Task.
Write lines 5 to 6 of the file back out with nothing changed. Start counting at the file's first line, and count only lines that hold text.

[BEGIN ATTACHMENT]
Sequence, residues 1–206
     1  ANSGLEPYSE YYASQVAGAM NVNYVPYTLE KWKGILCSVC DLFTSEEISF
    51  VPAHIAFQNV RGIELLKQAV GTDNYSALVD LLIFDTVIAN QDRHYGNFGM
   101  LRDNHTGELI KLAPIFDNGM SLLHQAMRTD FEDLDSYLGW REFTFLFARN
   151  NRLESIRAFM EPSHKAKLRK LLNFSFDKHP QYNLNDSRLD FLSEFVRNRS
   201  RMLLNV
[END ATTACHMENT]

   151  NRLESIRAFM EPSHKAKLRK LLNFSFDKHP QYNLNDSRLD FLSEFVRNRS
   201  RMLLNV